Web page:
/peh-LO-tah/

Or: What Chicago Theatre Could be…


There I stand: Through clapping, breath held, frozen in a state of wonder.

Moments pass.

Finally, I turn to my friend and yell, “that! was a musical!” It is simultaneously the most reductive and profound statement that I can make. We spend the next three hours, two performers, two creators, two professional artists, musing and remixing thoughts on the piece itself, the state of Chicago theatre, and our personal artistic journeys. There is no goal in sight. No end to the conversation. Just two people, affected by a piece of art, passing back and forth their unfinished, raw responses. It is necessary. It is beautiful. It was /peh-LO-tah/.


/peh-LO-tah/ is billed as a “multi-disciplinary performance work.” In description, the website weaves a web of connotations that would pique the interests of any art connoisseur. But, for me, it is simple: /peh-LO-tah/ is a reflection of my life on stage told through the lens of another’s story. Marc Bamuthi Joseph’s ability to weave his own history, his personal journey with soccer, into a universal question of what it means to be American, while maintaining a specificity of Black and immigrant experiences, is masterful. It’s no wonder he’s a MacArthur Fellow.

It is a musical. It fits the definition of the art form regardless of historical context or intended medium. There is a book, choreography, and song. Actors perform roles. There is a narrative arc. But to reduce it to that is to strip the personality and swagger it brought to the stage. It is what musicals could be if we stopped dwelling on a form and function born out of times of exclusion while attempting to represent the present universal. It is a musical…or, at least, what I wish musicals would become.

If I sound reverent, it is because I am. There is a power in this performance that I will, from now on, always find myself reaching for. Notions, contained within, of passing the ball and eschewing the star in favor of the team are remastered versions of philosophies I have tried to live my entire adult life by. The obvious influence of each cast member on creating the whole spoke to a level of collaboration all of Chicago’s theatrical community claims to aspire to. It gave me hope that there is an art out there, undeniably born of the contemporary, that honors the history and the legendary, while embracing a boy like me. For the first time, in a long time, I felt seen.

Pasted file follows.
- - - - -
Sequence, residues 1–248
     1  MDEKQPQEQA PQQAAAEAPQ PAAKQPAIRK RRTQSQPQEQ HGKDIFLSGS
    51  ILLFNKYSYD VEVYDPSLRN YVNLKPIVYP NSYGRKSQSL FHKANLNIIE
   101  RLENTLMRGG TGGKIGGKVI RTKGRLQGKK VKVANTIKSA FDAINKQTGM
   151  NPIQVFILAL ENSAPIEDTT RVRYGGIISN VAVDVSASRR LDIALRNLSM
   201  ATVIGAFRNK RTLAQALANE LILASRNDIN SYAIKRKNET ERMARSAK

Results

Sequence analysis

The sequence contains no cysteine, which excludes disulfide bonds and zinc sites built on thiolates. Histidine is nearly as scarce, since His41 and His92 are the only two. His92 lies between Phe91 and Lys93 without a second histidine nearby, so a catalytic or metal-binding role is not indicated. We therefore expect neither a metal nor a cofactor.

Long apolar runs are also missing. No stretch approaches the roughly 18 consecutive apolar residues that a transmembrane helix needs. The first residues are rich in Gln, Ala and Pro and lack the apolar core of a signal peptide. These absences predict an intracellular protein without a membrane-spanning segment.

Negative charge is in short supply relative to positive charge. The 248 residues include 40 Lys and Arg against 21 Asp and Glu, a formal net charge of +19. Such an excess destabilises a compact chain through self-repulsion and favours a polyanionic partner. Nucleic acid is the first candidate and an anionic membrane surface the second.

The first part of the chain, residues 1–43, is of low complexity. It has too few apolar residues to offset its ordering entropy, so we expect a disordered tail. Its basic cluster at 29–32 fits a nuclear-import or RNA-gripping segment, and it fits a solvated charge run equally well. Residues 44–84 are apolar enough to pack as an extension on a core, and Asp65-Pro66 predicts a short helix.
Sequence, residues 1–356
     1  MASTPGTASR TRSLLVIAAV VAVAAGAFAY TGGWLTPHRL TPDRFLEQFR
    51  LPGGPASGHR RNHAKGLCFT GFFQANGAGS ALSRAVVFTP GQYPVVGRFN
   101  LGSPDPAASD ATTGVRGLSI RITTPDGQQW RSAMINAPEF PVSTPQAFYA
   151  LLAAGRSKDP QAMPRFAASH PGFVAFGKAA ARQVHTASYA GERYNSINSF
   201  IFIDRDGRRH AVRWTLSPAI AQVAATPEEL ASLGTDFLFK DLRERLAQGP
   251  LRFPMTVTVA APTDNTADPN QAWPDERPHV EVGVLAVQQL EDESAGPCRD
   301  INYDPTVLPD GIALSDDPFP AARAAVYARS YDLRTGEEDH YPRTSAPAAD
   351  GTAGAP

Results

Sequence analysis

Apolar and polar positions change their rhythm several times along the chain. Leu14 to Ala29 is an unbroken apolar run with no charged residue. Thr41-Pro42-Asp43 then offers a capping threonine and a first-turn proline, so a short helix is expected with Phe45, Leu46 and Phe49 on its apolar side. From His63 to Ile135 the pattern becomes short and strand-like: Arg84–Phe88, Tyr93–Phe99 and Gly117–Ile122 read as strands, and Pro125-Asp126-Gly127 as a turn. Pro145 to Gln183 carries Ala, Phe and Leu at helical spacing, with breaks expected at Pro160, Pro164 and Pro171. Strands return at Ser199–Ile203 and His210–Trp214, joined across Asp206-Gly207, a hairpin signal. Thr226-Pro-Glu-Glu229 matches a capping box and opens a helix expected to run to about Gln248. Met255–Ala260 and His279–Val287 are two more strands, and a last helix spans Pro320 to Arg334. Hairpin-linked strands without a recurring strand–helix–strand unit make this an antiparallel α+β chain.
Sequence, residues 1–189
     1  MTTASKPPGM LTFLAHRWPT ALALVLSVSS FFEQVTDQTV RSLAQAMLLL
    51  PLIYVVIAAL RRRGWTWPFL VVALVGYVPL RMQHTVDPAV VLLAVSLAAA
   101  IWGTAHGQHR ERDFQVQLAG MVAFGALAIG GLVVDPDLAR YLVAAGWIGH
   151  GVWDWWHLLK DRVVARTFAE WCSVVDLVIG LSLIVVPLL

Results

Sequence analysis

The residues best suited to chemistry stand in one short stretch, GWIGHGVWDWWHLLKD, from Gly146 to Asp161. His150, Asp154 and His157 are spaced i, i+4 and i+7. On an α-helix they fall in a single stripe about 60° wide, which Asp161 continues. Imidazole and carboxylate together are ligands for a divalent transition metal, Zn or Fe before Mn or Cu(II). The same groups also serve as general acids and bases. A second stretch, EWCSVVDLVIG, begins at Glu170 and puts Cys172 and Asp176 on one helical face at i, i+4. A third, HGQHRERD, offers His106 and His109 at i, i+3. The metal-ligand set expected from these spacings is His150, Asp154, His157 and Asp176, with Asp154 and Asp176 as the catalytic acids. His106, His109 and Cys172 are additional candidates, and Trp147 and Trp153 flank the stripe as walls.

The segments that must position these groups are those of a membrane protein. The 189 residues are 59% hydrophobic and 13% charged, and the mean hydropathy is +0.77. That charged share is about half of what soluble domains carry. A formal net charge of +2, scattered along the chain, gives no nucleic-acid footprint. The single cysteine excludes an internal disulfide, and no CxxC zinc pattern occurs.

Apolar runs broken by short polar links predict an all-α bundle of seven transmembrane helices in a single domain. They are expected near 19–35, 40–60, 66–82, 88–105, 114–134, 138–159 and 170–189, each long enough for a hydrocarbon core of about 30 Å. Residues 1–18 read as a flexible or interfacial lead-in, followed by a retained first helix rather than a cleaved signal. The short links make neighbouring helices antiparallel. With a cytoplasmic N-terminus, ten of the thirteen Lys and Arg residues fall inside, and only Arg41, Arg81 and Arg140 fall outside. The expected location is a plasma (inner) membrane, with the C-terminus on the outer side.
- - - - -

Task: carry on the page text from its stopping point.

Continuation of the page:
But, this isn’t a review. It is a call to action for the community to see a future that embraces the present without erasing the past. What is a legacy if we never grow from it? Art should be a game of telephone, where we pass idea, form, function, and style on through the ages ever changing to reflect the echoes of our times. The Carousel of today can not be another production of Carousel. What comes next? Who is today’s barker and what is their story? What is the contemporary dance form? When does Tap become Krump? As the cast of /peh-LO-tah/ flowed from Jazz, to African, to Bossa Nova, to Contemporary, to Breaking, to Tap, to Stepping they showed a map of America from where it has been to where it is — We are a nation made up of so many moving parts, why don’t our stages reflect that?

I wish I could have brought Chicago’s entire theatrical community to /peh-LO-tah/. I wish, I hope, we can find a way to honor our legacies by confronting our realities. Art that deifies the achievements of the past without reflecting the realities of today and questioning the possibilities of the future is doomed to stagnation. Look for the remix. Incubate the future.

Learn to pass the ball.